· A dramatic increase in the use of rivers and streams, trails, streets, municipal facilities, recreational resources, etc. If the vague, off-the-cuff forecasts of an airport-generated tourism explosion are accurate, this will be a crowded little valley. Its growth will be accompanied by a dazzling construction boom, population expansion and burgeoning governments, services and taxes.

· The landscape itself will be altered by the massive accumulation of condos, hotel space and residences at River Run and Warm Springs, the possible addition of condo/hotels at the south entrance to Ketchum, the inevitable warrens of unsightly worker housing (one developer reportedly proposed 40 living units per acre at a large site near the hospital). The elevated tourism visits will also require a perhaps sizeable increase in service employees, the category now paid about $11 an hour. How these employees can sustain themselves in a pricey valley has yet to be discussed.

· The valley communities will experience a sizeable bloat over the years, and state Highway 75, a local version of the Long Island Freeway—clogged, treacherous and loathed—will run, or crawl, from Shoshone to a huge traffic circle south of Ketchum at River Run, and from there into the bottleneck of Ketchum. Living north of Ketchum will be increasingly attractive.

But make no mistake. If the commercial and political class visionaries are correct, large amounts of money and tax revenue will flow into the valley with this tourism-driven growth. Governments and their services/taxes will expand too, though their ability to anticipate, let alone keep pace with, societal and infrastructure change should be a source of concern.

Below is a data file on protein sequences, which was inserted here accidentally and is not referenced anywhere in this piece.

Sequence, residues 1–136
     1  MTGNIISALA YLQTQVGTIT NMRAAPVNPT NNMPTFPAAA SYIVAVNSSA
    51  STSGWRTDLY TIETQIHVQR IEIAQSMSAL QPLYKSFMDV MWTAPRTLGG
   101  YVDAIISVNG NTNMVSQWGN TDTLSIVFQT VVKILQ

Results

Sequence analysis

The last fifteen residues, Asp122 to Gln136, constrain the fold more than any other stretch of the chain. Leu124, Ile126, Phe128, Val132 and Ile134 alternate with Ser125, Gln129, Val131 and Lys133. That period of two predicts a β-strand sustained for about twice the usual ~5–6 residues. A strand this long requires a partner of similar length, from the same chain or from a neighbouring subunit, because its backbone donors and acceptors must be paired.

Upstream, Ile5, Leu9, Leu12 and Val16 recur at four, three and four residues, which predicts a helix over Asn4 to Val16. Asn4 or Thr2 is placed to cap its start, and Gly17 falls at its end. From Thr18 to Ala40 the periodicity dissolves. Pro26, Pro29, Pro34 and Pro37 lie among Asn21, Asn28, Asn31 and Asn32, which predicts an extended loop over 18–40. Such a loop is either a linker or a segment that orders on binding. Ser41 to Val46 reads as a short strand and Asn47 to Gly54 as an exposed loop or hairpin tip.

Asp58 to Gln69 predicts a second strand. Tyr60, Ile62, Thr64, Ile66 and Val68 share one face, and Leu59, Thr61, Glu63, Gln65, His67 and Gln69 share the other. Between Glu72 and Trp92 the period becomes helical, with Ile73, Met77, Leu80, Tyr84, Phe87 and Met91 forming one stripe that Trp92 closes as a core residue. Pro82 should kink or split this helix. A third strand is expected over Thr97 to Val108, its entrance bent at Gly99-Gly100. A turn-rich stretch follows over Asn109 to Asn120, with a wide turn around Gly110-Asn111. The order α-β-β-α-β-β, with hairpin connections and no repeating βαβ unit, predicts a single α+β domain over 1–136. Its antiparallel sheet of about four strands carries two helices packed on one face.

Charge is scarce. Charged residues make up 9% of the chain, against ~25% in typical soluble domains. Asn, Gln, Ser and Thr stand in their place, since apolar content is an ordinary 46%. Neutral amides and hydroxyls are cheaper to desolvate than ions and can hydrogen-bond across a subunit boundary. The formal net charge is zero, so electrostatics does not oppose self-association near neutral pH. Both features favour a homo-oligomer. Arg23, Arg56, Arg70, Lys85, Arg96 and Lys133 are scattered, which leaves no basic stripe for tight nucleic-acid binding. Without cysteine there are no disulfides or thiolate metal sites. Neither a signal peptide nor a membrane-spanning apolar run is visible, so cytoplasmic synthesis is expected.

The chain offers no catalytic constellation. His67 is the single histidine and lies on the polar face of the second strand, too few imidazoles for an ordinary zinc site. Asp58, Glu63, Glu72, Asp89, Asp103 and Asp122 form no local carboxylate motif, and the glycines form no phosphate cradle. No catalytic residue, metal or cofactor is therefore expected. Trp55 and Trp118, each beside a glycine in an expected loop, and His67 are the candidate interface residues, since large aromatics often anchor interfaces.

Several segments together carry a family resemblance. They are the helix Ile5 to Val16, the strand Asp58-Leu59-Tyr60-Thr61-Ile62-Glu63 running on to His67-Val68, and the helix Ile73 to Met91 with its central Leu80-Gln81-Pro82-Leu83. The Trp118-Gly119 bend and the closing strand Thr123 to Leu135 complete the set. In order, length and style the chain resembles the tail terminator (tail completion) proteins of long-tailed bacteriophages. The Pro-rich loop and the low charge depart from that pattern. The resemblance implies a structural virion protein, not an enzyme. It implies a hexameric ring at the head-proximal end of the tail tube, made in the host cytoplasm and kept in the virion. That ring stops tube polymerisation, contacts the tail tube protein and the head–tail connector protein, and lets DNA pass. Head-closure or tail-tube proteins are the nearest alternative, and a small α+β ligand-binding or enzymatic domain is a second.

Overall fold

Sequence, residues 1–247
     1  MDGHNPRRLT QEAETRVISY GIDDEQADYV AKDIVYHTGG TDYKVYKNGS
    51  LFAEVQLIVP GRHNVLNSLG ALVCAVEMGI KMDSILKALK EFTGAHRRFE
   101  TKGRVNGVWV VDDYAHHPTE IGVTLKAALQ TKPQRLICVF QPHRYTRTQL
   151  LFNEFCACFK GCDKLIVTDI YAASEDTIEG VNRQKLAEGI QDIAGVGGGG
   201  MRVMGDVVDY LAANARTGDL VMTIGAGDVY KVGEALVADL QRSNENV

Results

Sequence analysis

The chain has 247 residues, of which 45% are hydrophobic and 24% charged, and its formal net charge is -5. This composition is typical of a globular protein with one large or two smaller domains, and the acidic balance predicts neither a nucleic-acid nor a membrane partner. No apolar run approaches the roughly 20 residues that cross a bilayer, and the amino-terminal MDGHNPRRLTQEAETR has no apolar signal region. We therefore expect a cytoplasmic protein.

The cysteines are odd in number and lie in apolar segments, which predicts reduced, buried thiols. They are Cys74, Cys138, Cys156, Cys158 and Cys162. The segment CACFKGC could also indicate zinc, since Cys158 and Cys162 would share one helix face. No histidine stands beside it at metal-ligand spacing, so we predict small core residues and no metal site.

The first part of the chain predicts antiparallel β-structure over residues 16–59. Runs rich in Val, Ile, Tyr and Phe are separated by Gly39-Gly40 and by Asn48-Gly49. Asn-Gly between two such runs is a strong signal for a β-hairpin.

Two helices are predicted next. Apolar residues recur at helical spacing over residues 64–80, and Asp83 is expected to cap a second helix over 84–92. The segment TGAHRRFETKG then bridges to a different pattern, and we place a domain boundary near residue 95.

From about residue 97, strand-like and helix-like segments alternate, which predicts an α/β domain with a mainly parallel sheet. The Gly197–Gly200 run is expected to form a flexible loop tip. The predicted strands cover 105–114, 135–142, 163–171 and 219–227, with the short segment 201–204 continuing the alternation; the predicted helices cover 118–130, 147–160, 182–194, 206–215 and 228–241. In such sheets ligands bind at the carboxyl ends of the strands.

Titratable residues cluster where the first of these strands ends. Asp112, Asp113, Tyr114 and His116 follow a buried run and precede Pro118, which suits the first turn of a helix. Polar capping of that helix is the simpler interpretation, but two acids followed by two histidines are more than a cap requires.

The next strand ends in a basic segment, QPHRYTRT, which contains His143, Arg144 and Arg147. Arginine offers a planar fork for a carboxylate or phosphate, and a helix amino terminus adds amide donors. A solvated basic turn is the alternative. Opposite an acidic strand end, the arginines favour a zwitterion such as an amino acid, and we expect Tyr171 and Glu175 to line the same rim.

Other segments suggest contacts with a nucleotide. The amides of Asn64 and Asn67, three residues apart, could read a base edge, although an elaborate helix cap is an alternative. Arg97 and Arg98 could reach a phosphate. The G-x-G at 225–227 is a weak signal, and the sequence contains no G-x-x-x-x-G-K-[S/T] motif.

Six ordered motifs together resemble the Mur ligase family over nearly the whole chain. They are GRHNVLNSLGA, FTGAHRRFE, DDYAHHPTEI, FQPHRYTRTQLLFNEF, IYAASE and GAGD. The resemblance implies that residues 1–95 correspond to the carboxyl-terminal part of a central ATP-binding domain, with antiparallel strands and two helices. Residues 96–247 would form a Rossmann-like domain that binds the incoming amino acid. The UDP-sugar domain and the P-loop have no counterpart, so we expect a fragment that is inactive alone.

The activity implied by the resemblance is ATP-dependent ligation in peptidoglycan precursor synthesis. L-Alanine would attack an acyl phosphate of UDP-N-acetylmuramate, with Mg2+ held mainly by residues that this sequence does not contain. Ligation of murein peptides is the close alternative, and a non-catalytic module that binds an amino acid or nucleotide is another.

While the new airport and the major developments are accepted as fact by the local establishment, there has been little public discussion about how this will impact our quality of life. Nor is there discussion of how strained community services will be financed, expanded and managed. Indeed, one doesn't even hear the most basic projections as to how increased tourism will change the valley's population. Or the school population. Or housing prices/availability.

Some dissidents, and there are many, believe this tourism-driven concept for the future is toxic—bad for the residents, bad for the environment. They envision a smaller net growth predicated upon higher-wage businesses that theoretically can be induced to relocate into this valley. They basically doubt the ability of the valley to absorb expanded tourism without a deteriorating quality of life. On the other hand, they are far from identifying with any credibility a feasible alternative to a tourism surge.

That forces now under way will inevitably change this valley is beyond doubt. The challenge will be setting realistic standards for growth and social accommodation, mediating the process and ending up with something resembling the original aspiration. But both sides in this struggle for the soul of the Wood River Valley must share a fundamental belief: The primary task of the government and the community must be protecting the area's traditional beauty, environment and personality, while rejecting, however lucrative, an Aspenization of the Wood River Valley that tangibly devalues the joy of living here.